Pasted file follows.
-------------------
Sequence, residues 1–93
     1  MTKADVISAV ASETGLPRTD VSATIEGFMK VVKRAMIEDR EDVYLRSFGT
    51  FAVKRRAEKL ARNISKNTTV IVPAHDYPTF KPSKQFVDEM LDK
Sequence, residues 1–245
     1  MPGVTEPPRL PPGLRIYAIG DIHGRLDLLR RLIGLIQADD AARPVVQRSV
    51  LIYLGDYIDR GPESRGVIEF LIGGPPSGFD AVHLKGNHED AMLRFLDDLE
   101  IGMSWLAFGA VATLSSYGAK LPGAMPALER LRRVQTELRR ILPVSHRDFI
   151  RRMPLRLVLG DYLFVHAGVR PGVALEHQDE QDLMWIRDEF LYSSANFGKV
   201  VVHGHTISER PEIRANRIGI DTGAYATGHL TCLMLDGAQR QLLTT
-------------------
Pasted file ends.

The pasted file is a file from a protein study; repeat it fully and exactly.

Sequence, residues 1–93
     1  MTKADVISAV ASETGLPRTD VSATIEGFMK VVKRAMIEDR EDVYLRSFGT
    51  FAVKRRAEKL ARNISKNTTV IVPAHDYPTF KPSKQFVDEM LDK
Sequence, residues 1–245
     1  MPGVTEPPRL PPGLRIYAIG DIHGRLDLLR RLIGLIQADD AARPVVQRSV
    51  LIYLGDYIDR GPESRGVIEF LIGGPPSGFD AVHLKGNHED AMLRFLDDLE
   101  IGMSWLAFGA VATLSSYGAK LPGAMPALER LRRVQTELRR ILPVSHRDFI
   151  RRMPLRLVLG DYLFVHAGVR PGVALEHQDE QDLMWIRDEF LYSSANFGKV
   201  VVHGHTISER PEIRANRIGI DTGAYATGHL TCLMLDGAQR QLLTT